Battle of Giarabub
Contributor: C. Peter Chen
ww2dbaseOn the Libyan-Egyptian border, about 200 kilometers from the coast, a garrison of 1,340 Italian and 800 colonial troops was stationed at the oasis village of Giarabub, under the command of Lieutenant Colonel Salvatore Castagna. As the British offensive Operation Compass raged on to the north, a small Australian mechanized cavalry unit was dispatched in late Dec 1940 to keep this group in check. Although Giarabub was far from the main stage of the action, it was at a strategic location for either side to counter any enemy movement through the desert should any opposing commanders dared to deploy such a tactic. The distance meant that the Italian garrison had to be supplied via air between Dec 1940 and Mar 1941 to keep up their defense. In early Jan 1941, the British attempted to drop leaflets urging surrender, citing the success of Operation Compass in the Cyrenaica region in Libya to the north, but the Italians did not comply. Throughout Jan and Feb 1941, the Australian troops continuously tested the defenses, but they never had enough strength for a full scale offensive. On 17 Mar, German Lieutenant General Erwin Rommel sent a message to the garrison, asking the troops to fight on for a few more weeks and German reinforcements would arrive.
ww2dbaseOn 21 Mar, the Australians finally received enough reinforcements to launch an actual attack to take Giarabub. After two days of fighting, the oasis village was captured. The Italians suffered about 250 casualties, while the Australians suffered 17 killed and 77 wounded. Lieutenant Colonel Castagna was seriously injured in the fighting, but was able to recover and spent the rest of the war in India as a prisoner of war.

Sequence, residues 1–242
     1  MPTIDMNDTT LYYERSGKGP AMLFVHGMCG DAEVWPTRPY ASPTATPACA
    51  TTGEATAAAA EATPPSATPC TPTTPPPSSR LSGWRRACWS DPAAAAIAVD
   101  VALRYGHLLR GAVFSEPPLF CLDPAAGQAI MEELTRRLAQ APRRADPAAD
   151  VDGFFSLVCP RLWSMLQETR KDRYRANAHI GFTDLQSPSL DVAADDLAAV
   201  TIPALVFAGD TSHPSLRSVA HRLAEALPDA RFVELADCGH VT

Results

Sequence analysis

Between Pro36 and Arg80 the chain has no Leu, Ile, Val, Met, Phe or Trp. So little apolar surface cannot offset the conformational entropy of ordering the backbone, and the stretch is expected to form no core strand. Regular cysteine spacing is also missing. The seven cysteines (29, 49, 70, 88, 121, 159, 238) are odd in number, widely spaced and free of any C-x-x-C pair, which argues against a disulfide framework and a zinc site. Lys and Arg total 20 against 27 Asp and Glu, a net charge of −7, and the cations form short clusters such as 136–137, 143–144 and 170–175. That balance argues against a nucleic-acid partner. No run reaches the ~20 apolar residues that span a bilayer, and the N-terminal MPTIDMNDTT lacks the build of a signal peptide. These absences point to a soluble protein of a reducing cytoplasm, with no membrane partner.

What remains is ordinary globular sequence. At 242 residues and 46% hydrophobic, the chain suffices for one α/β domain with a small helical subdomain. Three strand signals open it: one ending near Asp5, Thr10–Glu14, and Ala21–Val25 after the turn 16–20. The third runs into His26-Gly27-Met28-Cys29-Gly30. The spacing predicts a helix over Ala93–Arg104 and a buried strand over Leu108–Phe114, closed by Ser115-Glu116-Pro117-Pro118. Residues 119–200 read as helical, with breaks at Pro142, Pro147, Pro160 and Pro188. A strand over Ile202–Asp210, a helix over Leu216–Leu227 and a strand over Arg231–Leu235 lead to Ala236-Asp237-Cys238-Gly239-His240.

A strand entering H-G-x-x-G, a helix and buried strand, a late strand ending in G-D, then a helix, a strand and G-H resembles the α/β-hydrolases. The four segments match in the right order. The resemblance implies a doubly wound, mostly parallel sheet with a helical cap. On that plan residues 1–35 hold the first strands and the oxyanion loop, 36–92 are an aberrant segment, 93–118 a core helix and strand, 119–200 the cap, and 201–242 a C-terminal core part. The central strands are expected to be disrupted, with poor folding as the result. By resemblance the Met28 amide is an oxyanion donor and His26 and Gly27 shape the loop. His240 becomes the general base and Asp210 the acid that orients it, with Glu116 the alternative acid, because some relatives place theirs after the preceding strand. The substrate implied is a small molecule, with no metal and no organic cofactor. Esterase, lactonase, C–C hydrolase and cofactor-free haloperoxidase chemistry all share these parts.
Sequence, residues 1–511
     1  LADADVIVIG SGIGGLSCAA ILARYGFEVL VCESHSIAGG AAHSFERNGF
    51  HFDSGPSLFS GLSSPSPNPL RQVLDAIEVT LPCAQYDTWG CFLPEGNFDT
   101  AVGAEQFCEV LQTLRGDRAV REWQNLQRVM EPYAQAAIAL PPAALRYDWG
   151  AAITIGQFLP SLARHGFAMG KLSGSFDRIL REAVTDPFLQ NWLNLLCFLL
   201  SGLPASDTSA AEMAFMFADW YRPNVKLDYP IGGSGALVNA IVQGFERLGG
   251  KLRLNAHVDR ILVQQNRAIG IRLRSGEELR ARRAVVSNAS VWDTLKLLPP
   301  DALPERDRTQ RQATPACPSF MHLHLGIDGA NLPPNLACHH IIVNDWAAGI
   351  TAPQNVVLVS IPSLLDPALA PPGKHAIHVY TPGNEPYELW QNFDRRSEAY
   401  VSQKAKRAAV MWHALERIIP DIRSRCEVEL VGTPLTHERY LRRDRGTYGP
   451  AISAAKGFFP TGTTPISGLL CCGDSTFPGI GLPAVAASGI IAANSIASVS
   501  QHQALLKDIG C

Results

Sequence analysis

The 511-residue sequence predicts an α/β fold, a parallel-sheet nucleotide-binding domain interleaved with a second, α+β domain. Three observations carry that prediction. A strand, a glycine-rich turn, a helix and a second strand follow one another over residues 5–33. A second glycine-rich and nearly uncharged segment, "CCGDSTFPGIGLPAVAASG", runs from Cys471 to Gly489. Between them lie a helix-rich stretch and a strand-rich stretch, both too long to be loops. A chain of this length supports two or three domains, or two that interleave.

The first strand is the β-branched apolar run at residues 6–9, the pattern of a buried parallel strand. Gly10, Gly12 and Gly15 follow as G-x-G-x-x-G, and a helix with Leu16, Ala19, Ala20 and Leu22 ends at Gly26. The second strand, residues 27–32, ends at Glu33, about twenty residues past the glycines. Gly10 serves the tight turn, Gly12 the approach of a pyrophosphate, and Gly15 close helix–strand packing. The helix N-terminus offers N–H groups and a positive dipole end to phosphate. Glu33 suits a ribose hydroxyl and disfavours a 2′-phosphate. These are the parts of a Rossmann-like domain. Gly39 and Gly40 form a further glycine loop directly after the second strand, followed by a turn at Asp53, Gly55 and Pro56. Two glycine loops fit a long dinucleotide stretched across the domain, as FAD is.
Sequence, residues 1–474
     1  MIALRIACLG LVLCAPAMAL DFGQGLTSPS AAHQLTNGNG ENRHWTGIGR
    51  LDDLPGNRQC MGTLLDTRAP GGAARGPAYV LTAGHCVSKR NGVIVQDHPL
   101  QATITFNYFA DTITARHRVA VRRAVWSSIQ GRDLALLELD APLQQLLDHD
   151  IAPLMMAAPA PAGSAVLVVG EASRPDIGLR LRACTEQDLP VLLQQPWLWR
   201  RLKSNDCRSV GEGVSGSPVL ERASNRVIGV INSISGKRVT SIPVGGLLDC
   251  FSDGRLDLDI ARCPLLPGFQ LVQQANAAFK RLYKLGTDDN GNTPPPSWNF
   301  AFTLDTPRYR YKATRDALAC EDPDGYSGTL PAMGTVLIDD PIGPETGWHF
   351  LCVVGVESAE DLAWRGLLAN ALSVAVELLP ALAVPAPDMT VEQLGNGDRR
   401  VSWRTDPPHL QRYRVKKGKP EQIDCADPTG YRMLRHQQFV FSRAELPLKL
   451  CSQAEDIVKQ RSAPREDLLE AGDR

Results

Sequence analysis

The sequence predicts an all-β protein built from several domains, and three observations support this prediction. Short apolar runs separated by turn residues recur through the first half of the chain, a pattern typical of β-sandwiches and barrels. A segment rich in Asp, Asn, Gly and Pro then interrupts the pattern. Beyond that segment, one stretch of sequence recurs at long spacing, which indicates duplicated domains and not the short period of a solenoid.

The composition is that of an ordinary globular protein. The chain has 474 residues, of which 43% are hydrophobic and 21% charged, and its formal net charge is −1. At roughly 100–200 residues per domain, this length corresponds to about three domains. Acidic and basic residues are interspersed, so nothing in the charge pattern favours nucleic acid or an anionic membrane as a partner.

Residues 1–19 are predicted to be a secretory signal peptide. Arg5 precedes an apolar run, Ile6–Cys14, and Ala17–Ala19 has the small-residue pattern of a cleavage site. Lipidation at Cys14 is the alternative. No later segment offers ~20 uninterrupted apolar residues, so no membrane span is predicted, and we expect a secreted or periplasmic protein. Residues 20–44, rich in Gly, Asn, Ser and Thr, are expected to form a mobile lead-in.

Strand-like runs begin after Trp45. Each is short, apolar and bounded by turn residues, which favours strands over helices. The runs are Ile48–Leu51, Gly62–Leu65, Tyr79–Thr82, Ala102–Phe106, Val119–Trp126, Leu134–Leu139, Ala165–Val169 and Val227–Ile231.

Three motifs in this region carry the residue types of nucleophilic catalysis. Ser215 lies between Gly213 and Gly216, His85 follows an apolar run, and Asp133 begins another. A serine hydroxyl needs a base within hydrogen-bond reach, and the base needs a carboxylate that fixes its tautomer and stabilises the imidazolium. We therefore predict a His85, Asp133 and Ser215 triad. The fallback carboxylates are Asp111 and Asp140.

Last Major Update: Sep 2010
Battle of Giarabub Interactive Map
Battle of Giarabub Timeline
|17 Mar 1941||Lieutenant General Erwin Rommel sent a message to the besieged Italian garrison at Giarabub in southeastern Libya, asking the troops to hold on for a few more weeks and promising that his forces would arrive in relief in that time.|
|21 Mar 1941||After laying siege to the Italian garrison at Giarabub in southeastern Libya for the past three months, Australian forces finally gathered enough strength to begin a large scale assault.|
|23 Mar 1941||Australian troops captured Giarabub in southeastern Libya. The commander of the Italian garrison, Lieutenant Colonel Castagna, was captured and would spent the rest of the war as a prisoner of war in India.|
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Joachim von Ribbentrop, German Foreign Minister, Aug 1939